I believe my fundamental role as a teacher is to facilitate lifelong learning and scholarship and equip students with the tools to learn, (un/re) learn concepts that will serve them for their future in a challenging profession. I believe in true learning that lies beyond the PowerPoint slides and class notes. True learning is a two-way street, and I always encourage and emphasize active participation in my classrooms. As I lecture, I encourage questions and solicit responses from my students – these could either be based on their experience or affirmation of their understanding of the concept through real-world examples. During lectures, I always expose my students to real-world applications/scenarios that make them aware of how the principles they learn in class are applied in the world around them. I find the art of making these connections incredibly fulfilling. Since classrooms involve students from diverse cultures with varying learning paces, I take the utmost care in using value-neutral and non-confrontational language throughout my lectures to avoid disproportionately discouraging members from our discussions.

As a teacher in engineering school, I always highlight the importance of becoming better writers. Therefore, my courses focus on writing as one of the major skills students can take away. Even in today’s data-intensive world, I stress how crunching the numbers only solves half the problem and empower my students with the tools to convey the significance of their findings. Students may come into my courses with different writing abilities, so I set the writing expectation in my classes and provide resources that help writers become more effective in communicating their work. I have also undergone valid pedagogical training that has helped me become more cognizant of the differing needs of ESL (English as a Second Language) students.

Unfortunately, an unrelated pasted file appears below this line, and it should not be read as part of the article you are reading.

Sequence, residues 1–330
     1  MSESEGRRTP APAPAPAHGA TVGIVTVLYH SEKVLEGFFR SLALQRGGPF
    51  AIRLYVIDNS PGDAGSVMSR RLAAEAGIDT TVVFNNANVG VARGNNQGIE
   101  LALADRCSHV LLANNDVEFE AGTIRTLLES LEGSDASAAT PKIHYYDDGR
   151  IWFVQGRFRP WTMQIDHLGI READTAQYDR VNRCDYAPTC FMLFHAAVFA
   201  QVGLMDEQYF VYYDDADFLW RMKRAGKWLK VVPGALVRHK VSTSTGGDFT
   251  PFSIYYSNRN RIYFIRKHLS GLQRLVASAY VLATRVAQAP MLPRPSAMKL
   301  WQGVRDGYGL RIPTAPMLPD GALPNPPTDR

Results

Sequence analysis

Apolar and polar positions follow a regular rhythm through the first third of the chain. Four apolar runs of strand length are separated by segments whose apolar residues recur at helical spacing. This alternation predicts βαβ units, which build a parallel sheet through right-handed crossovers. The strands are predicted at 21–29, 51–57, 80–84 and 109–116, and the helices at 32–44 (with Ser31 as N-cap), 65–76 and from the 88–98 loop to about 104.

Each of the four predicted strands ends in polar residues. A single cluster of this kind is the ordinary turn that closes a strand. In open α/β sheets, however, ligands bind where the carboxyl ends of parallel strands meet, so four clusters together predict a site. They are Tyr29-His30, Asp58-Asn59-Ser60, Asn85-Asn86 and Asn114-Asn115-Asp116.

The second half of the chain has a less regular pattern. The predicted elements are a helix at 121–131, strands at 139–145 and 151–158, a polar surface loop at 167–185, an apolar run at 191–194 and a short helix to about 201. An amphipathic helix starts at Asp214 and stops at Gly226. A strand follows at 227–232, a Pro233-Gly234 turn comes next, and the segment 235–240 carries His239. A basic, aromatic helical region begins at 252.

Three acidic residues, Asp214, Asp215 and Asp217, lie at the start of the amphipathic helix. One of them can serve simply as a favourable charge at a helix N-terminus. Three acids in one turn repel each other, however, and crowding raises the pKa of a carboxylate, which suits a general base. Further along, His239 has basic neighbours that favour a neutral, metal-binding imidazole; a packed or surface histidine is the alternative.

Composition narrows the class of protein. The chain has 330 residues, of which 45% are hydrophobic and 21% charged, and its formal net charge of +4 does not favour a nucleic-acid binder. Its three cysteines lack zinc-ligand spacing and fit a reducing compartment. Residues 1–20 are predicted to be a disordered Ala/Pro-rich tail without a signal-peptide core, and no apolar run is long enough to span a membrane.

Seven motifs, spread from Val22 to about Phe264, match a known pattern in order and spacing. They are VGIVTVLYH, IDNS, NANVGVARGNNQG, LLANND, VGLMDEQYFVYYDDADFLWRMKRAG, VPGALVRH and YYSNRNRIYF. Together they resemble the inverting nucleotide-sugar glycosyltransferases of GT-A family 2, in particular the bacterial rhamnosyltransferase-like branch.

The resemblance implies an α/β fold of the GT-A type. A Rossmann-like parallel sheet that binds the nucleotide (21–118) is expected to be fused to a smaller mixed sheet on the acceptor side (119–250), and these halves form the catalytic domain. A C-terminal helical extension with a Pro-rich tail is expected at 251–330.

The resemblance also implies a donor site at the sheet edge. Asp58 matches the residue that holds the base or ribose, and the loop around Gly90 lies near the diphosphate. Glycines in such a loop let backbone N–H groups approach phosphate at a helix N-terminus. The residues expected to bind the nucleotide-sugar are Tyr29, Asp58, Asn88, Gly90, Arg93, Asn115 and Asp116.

With limited classroom contact hours, I always encourage my students to utilize office hours to go over their queries regarding the lectures. I also encourage similar opportunities to brainstorm and discuss ideas with student groups on their assessments. I have seen that this kind of one-on-one interaction certainly brings out the best in students – both in terms of their deliverables and their overall performance in the course. Even though I arrange formal office hours, I always welcome students to make appointments at other times and have, in the past, conducted virtual office hours to support working and parenting students with schedule conflicts. Apart from classes, I am also there to help my students advance professionally by leveraging my connections to research labs, industrial partners, and federal/state agencies and encouraging them to pursue visible and impactful careers.

I embrace technology in my classrooms as much as it enhances the learning experience by supporting instructional objectives. Where required, I use Panopto/Blackboard Collaborate/Microsoft Teams to capture my lectures. I also enjoy using apps like straw poll and menti to conduct quick class polls on taught modules and look forward to enhancing the learning experience in my future classes with these tools.